Page images
PDF
EPUB

His silver trumpets publish loud

The jubilee of the Lord;
Our debts are all remitted now,

Our heritage restor'd.
Our glad hosannahs, Prince of Peace,

Thy welcome shall proclaim;
And heaven's eternal arches ring

With thy beloved name.

§ 142. There is one hymn more, I shall beg leave to add, plain as it is, which Colonel Gardiner has been heard to mention with particular regard, as expressing the inmost sentiments of his soul; and they were undoubtedly so, in the last rational moments of his expiring life. It is called, Christ precious to the believer; and was composed to be sung after a sermon on i Pet. ii. 7.

Jesus! I love thy charming name,

'Tis music to my ear:
Fain would I sound it out so loud,

That earth and heaven should hear!
Yes, thou art precious to my soul,

My transport, and my trust;
Jewels to thee are gaudy toys,

And gold is sordid dust.
All my capacious powers can wish,

In thee most richly meet:
Nor to my eyes is life so dear,

Nor friendship half so sweet.
Thy grace still dwells upon my heart,

And sheds its fragrance there;
The noblest balm of all its wounds,

The cordial of its care.
I'll speak the honours of thy name

With my last labouring breath;
Then speechless clasp thee in my arms,

The antidote of deatli.

§ 143. Those who were intimate with Colonel Gardiner must have observed, how ready he was to give a devotional turn to any subject that occurred. And in particular, the spiritual and heavenly disposition of his soul discovered itself in the reflections and improvements, which he made, when reading history ; in which he took a great deal of pleasure, as persons remarkable for their knowledge of mankind, and observation of Providence, generally do. I have an instance of this before me, which, though too natural to be at all surprising, will, I dare say, be pleasing to the devout mind. He had just been reading, in Rollin's extract from Xenophon, the answer which the lady of Tigranes made, when all the company were extolling Cyrus, and, expressing the admiration, with which his appearance and behaviour struck them; the question being asked her, What she thought of him? She answered, I don't know, I did not observe him. On what then, said one of the

company, did you fix your attention? On him, replied she, (referring to the generous speech which her husband had just made,) who said he would give a thousand lives to 'ransom my liberty. “Oh," cried the Colonel when reading it,“ how ought we to fix our eyes and hearts on him, who not in offer, but in reality, gave his own precious life to ransom us from the most dreadful slavery, and from eternal destruction !" But this is only one instance among a thousand. His heart was so habitually set upon divine things, and he had such a permanent and overflowing sense of the love of Christ, that he could not forbear connecting such reflections, with a multitude of more distant occasions occurring in daily life, where less advanced Christians would not have thought of them : And thus, like our great Master, he made, every little incident a source of devotion, and an instrument of holy zeal.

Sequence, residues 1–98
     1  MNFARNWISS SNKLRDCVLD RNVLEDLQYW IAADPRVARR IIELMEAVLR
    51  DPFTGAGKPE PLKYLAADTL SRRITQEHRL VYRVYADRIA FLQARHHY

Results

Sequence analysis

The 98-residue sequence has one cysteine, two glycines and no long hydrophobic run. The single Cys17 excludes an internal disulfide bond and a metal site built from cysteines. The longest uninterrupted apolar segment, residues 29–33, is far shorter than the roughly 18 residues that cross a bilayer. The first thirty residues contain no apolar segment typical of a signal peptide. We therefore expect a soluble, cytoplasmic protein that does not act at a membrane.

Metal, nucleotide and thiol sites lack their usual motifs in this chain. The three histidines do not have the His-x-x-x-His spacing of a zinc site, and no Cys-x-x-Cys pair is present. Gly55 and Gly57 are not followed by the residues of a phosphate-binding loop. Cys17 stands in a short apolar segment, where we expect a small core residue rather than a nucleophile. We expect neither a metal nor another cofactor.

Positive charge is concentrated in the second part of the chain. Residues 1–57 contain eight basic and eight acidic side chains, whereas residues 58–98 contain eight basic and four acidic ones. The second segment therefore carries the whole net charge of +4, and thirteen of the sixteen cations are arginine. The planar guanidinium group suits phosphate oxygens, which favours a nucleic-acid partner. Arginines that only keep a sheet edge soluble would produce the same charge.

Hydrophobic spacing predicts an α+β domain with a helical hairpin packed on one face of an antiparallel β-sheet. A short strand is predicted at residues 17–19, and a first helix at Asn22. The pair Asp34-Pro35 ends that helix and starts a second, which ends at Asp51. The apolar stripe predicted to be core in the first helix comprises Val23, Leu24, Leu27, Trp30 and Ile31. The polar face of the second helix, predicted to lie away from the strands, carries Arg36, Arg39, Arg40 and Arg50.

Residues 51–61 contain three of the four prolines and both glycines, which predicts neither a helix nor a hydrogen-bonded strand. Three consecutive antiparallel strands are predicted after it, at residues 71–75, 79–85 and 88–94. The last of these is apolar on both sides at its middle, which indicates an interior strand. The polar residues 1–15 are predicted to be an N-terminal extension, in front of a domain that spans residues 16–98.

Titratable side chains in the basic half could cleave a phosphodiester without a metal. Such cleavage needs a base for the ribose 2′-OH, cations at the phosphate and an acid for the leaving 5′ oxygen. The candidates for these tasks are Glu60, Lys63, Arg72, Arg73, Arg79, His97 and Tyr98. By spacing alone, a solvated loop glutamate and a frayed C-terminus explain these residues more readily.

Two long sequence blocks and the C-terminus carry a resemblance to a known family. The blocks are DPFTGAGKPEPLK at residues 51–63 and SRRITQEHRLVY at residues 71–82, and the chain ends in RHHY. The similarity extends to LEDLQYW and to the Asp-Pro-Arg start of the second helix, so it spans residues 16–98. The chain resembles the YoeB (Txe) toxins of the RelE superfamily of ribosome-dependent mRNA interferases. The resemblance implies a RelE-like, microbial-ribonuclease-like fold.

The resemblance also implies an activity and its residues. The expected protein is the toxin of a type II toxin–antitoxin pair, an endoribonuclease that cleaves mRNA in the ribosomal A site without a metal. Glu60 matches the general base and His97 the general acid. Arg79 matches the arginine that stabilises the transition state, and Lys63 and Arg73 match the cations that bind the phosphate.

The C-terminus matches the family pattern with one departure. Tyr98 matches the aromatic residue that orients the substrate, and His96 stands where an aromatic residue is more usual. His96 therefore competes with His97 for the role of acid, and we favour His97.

$ 144. Enfeebled as his constitution was, he was still intent on improving his time to some valuable purposes : And when his friends expostulated with him, that he gave his body so little rest, he used to answer, “ It will rest long enough in the grave.”

§ 145. The July before his death, he was persuaded to take a journey to Scarborough for the recovery of his health ; from which he was at least encouraged to expect some little revival. After this he had thoughts of going to London, and designed to have spent part of September at Northampton. The expectation of this was mutually agreeable ; but providence saw fit to disconcert the scheme. His love for his friends in these parts occasioned him to express some regret on his being commanded back : And I am pretty confident, from the manner, in which he expressed himself in one of his last letters to me, that he had some more important reasons for wishing an opportunity of making a London journey just at that crisis; which, the reader will remember, was before the rebellion broke out. But as Providence determined it otherwise, he acquiesced; and I am well satisfied, that could he have distinctly foreseen the approaching event, so far as it concerned his own person, he would have esteemed it the happiest summons he received. While he was at Scarborough, I find by a letter dated from thence, July 26, 1745, that he had been informed of the gaiety, which so unseasonably prevailed at Edinburgh, where great multitudes were then spending their time in balls, assemblies, and plays, little mindful of the rod of God which was then hanging over them; on which occasion, he hath this expression : “ I am greatly surprised, that the people of Edinburgh should be employed in such foolish diversions, when our situation is at present more melancholy than ever I saw it in my life. But there is one thing which I am very sure of, that comforts me, viz. that it shall go well with the righteous, come what will."

$ 146. Quickly after his return home, the flame burst out, and his regiment was ordered to Stirling. It was in the castle there, that his Lady and eldest daughter enjoyed the last happy hours of his company; and I think, it was about ten or twelve days before his death, that he parted from them there. A remarkable circumstance attended that parting, which hath been touched upon by surviving friends in more than one of their letters to me.

His Lady was so affected when she took her last leave of him, that she could not forbear bursting out into a flood of tears, with other marks of unusual emotion. And when he asked her the reason, she urged the apprehension, she had of losing such an invaluable friend, amidst the dangers to which he was then called out, as a very sufficient apology. Upon which she took particular notice, that whereas he had generally comforted her on such occasions, by pleading with her that remarkable hand of Providence, which had so frequently in former instances been exerted for his preservation, and that in the greatest extremity, he said nothing of it now; but only replied, in his sententious manner, “ We have an eternity to spend together.”